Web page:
The Weekly Ringer

The University of Mary Washington Student Newspaper

New pope faces challenging changes in church

2 min read
Decades ago, devotees of the counterculture were clad in flowers and tie-dye, but today they are donning clerical robes and crucifixes.


Decades ago, devotees of the counterculture were clad in flowers and tie-dye, but today they are donning clerical robes and crucifixes.

The conclusion of the Catholic Church’s 2013 conclave saw the election of a new pontiff, Pope Francis. A native Argentinean, he is the first non-European pope in over 1,200 years and the first Latin American ever to lead the church. However, Francis represents something even more unique. He is the first pope from a country that has nationally recognized same-sex couples’ right to marry.

The sociological shockwaves of the 1960s that spawned the sexual revolution, feminism and the ascension of the gay rights movement have carried social conservatives, like Pope Francis, away from the mainstream and into an entirely new realm of identity, counterculture conservatism.

The traditional values of the Church, which Francis has vowed to pontificate, are no longer widely accepted or practiced by the vast majority of Catholics living in the developed world. The widespread acceptance of birth control, casual sex and women in the workplace are an anathema to the archconservative values propagated by the Holy See.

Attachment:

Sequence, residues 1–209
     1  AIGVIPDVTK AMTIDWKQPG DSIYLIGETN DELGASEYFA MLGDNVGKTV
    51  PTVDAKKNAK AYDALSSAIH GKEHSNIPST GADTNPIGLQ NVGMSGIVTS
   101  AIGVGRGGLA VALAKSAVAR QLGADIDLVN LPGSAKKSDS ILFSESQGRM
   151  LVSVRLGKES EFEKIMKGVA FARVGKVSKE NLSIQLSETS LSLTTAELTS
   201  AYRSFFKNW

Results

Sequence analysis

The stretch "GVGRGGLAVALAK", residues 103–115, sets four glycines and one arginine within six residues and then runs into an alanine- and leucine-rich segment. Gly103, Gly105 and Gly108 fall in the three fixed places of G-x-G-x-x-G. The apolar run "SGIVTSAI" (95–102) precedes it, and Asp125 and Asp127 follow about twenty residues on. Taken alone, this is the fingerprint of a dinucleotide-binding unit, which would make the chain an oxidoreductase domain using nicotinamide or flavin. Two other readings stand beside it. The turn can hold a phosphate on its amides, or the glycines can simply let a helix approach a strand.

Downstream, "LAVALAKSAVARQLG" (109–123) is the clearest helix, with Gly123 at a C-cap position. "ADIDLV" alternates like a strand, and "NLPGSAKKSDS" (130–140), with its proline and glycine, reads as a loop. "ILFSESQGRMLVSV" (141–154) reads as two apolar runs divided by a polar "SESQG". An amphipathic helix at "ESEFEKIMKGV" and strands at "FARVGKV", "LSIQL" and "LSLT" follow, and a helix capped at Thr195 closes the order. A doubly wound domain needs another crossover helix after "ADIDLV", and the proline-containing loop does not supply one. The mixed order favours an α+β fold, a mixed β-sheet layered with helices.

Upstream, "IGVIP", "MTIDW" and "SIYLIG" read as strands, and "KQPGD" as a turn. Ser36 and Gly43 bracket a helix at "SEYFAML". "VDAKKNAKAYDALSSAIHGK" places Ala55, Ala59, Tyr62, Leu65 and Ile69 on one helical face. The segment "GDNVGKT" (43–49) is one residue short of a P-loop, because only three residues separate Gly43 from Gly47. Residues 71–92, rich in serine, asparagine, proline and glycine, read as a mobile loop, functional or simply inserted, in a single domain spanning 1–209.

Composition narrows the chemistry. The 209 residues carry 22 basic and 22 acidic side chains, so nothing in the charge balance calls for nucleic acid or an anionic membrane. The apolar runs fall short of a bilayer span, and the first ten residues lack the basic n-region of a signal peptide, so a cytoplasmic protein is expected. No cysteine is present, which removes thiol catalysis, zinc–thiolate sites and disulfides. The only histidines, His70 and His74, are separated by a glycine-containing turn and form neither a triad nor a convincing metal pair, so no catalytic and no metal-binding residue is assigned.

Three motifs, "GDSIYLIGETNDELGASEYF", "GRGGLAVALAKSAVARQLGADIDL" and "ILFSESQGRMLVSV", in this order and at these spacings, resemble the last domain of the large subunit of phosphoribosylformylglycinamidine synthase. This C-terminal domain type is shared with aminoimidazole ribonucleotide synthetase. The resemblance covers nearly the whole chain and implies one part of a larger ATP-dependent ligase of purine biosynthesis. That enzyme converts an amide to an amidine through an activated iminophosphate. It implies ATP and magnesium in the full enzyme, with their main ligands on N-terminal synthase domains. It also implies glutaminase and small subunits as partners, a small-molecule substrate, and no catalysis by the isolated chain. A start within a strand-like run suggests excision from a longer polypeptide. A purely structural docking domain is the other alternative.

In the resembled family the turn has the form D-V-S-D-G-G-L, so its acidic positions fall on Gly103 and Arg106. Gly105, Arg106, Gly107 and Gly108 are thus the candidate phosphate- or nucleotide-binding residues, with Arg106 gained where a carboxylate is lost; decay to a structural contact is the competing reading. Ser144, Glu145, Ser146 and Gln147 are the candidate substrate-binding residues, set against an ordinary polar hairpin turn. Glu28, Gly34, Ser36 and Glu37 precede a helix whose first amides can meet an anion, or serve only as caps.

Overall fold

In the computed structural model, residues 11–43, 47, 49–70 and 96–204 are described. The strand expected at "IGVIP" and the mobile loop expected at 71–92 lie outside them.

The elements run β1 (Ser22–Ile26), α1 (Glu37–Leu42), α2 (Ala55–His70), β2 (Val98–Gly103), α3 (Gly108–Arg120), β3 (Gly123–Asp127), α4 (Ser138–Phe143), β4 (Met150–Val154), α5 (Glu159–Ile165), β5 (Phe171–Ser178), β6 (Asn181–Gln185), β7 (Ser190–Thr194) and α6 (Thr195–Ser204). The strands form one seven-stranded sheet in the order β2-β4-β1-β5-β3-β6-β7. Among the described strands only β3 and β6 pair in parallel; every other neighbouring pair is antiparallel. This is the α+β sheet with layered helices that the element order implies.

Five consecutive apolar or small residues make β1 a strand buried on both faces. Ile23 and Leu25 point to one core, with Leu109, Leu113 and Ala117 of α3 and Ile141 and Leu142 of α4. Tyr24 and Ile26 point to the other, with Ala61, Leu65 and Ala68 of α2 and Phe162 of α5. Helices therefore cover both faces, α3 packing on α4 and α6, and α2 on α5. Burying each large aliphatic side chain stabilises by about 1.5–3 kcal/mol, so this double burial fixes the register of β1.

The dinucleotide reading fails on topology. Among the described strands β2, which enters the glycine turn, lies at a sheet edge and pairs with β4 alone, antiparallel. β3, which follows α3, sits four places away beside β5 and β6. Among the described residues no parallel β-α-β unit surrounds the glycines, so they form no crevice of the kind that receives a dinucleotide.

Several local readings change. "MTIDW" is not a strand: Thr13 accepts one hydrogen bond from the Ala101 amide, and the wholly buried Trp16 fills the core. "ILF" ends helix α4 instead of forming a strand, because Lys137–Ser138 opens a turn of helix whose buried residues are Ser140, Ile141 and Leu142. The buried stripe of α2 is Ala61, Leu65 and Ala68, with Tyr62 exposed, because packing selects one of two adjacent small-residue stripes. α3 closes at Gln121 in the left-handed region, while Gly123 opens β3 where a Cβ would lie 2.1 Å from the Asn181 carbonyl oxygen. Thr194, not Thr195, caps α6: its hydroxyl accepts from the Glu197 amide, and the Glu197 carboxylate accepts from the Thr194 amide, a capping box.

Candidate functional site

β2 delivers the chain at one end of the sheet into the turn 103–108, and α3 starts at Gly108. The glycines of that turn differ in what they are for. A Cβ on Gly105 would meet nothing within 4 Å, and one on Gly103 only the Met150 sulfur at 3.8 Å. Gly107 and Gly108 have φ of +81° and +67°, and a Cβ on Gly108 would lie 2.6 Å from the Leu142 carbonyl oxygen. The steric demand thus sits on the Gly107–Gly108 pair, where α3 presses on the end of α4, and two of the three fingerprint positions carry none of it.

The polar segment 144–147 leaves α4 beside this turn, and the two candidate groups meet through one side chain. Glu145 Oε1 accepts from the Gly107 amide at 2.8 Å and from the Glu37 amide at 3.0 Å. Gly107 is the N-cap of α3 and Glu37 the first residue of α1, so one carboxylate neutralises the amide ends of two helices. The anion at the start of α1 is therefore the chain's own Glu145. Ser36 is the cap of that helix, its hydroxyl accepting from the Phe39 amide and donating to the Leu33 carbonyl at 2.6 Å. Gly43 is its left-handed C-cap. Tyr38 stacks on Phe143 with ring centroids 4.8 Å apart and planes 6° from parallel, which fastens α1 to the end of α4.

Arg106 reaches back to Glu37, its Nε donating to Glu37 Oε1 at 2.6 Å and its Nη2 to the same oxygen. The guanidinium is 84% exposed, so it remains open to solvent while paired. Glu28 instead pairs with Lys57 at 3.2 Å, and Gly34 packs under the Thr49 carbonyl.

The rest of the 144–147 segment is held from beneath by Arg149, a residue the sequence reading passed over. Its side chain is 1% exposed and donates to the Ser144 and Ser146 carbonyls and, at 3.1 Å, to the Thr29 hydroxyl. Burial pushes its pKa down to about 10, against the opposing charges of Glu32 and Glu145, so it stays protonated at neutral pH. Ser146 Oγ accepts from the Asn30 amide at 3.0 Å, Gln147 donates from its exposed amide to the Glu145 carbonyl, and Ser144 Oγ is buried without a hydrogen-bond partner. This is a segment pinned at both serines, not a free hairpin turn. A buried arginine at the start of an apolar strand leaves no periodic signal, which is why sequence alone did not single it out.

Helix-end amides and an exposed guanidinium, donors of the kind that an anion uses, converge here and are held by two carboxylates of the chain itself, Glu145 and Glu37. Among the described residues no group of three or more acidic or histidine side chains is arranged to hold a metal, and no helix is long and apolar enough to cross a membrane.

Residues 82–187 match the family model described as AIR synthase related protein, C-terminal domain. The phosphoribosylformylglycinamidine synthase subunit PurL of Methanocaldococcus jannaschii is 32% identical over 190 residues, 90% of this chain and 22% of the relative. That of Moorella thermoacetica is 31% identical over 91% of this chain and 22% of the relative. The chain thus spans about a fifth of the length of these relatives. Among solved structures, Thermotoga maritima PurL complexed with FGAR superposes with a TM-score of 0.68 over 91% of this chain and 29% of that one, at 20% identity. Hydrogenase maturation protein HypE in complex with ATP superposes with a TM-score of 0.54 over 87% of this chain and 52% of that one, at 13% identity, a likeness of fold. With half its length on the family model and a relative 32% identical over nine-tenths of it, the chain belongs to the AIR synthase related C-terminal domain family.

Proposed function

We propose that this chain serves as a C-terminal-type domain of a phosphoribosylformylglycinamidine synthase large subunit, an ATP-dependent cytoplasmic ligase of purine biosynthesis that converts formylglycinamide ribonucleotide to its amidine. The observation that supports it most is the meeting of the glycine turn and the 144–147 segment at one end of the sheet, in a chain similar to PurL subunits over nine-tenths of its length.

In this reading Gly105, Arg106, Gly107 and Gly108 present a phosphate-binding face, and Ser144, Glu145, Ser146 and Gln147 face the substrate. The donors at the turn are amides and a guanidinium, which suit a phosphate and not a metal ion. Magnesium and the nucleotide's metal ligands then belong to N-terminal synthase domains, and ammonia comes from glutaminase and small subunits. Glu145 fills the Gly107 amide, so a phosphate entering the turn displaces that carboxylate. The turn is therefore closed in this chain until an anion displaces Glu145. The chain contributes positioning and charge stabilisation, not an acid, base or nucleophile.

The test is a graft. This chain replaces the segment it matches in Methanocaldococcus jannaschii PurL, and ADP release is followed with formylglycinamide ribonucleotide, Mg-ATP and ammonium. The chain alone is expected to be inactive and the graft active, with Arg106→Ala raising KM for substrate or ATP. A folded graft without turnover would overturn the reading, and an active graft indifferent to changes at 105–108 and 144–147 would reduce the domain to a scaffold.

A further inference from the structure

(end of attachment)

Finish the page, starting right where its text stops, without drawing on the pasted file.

As one of Argentina’s top bishops, he led the conservative opposition during the country’s heated 2010 debate over same-sex marriage.

In a letter to a group of nuns, he explained the Catholic Church’s vehement opposition to the bill, stating, “This is not a simple political fight; it is a destructive proposal to God’s plan. This is not a mere legislative proposal, but a move by the father of lies that seeks to confuse and deceive the children of God.”

The impact of this bruising, bitter battle on the new pope remains unclear.

Predicting Pope Francis’ future actions would be a fool’s errand, but it is not unreasonable to assert that this experience will affect the way he will tackle gay rights issues as pope.

Progressive Catholics probably will not find much solace in the conclave’s selection. It is unlikely that any of the items on the liberal wish list, like the ordination of female priests, a greater toleration of birth control or a softer tone on gay rights issues, will be fulfilled.

Theological conservatives, however, may have reason to celebrate the choice of a counterculture conservative. Francis has been battle-hardened over the years. In his home country, he confronted an odious, right-wing military dictatorship and left-wing cultural liberals. His record is demonstrable evidence of his commitment to the Church and its traditional values.

The Catholic Church’s coronation of a counterculture conservative might just breathe new life into the traditionalist wing of the Church. The playing field is tilted against the pontiff, but that has never stopped Francis before.

Max Reinhardt is the Secretary of the UMW College Republicans.